The act of planning is more valuable than the plan itself. I have, during my career in the emergency management discipline, encountered many a client who waits patiently whilst I examine their facility, interview staff, inspect emergency warning systems and equipment, and analyse the risks inherent to their operational environment. Then, perhaps weeks later, when I deliver a customised emergency response procedures manual, the client is elated at the results.
What generally happens next is the amazing part. The glossy new emergency procedures manual is placed on a shelf in the manager’s office to take pride of place next to other compliance documentation, booklets and/or manuals!
The manual needs to be at hand if the facility is audited by safety inspectors or building auditors. That’s quite often the end result of all the diligent analysis and work that went into its compilation. Where is the manual when an emergency strikes? Who knows? Not in the hands of the person entrusted to act on behalf of the facility when things go awry – the Chief Warden.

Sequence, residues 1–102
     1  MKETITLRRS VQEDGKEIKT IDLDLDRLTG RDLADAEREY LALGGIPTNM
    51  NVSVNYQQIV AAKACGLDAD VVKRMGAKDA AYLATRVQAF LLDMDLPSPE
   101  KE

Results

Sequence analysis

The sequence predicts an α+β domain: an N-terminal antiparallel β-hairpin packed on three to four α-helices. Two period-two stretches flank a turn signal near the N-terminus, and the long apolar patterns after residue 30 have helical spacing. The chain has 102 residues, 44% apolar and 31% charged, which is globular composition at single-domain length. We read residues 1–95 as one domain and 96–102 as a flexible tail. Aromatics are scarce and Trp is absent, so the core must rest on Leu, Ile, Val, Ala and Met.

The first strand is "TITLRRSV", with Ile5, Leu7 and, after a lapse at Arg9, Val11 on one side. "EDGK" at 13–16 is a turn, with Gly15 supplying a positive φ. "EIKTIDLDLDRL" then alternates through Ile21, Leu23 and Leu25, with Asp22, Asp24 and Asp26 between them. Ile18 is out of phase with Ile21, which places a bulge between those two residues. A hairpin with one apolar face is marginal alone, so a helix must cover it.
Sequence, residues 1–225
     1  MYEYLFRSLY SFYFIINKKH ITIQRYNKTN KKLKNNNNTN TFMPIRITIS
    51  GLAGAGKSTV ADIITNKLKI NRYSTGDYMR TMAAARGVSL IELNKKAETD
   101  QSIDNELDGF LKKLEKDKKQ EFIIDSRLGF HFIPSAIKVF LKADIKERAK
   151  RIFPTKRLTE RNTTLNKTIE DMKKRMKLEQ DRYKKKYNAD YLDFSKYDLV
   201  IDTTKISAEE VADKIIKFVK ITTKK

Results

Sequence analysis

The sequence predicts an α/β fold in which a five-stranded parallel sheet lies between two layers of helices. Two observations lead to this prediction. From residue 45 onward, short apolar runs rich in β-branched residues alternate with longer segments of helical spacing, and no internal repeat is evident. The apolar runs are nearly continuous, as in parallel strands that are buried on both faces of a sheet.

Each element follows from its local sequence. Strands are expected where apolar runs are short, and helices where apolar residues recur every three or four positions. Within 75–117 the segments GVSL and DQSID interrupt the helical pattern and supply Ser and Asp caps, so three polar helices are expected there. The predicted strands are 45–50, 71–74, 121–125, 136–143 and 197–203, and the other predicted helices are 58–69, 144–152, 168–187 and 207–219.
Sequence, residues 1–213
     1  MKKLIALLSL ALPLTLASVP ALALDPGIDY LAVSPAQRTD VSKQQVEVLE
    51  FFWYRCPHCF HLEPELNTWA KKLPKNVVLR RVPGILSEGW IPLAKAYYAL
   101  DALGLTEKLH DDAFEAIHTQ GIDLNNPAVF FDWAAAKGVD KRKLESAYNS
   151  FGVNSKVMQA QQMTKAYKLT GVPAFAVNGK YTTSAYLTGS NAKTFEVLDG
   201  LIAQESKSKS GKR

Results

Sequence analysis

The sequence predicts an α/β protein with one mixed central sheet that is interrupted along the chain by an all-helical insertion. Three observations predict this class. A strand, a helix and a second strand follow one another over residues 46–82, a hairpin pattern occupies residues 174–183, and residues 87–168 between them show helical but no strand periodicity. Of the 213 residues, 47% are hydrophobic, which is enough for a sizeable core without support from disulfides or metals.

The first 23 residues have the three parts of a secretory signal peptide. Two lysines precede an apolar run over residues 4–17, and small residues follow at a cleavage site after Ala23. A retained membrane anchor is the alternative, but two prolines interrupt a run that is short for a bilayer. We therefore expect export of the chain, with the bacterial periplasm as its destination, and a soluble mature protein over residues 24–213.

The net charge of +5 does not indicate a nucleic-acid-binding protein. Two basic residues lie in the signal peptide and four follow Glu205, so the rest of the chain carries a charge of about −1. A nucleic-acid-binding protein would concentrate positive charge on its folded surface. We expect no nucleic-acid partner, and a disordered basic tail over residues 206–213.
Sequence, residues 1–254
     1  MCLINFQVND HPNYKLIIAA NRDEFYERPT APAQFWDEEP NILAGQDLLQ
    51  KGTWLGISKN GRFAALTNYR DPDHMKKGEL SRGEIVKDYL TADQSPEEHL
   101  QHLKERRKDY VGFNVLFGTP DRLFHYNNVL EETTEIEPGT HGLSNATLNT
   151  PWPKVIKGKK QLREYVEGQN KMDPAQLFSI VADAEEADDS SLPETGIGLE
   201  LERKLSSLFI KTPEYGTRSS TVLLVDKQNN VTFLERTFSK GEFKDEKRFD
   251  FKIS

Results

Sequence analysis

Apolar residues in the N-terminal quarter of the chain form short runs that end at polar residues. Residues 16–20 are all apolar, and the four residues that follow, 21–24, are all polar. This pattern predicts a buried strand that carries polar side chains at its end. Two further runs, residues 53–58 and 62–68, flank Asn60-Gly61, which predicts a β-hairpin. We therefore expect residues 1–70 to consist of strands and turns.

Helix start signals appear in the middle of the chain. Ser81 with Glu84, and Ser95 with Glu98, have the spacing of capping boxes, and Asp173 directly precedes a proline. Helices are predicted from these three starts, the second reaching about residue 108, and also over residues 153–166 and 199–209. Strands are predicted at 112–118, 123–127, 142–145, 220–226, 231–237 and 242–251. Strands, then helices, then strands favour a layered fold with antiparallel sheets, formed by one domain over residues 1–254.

Having an emergency plan is one thing. Having an emergency plan that people know about, can follow and have had some training revolving around the procedures that the plan advocates, is something else entirely.
Having a consultant apply expertise to the planning process is a wise move but involving staff and management in the planning process is a masterstroke. By taking part in the planning process, everyone has an insight into the formation of procedures, it creates awareness of the procedures and most importantly, it promotes buy-in from those very people that the plan and procedures seeks to protect.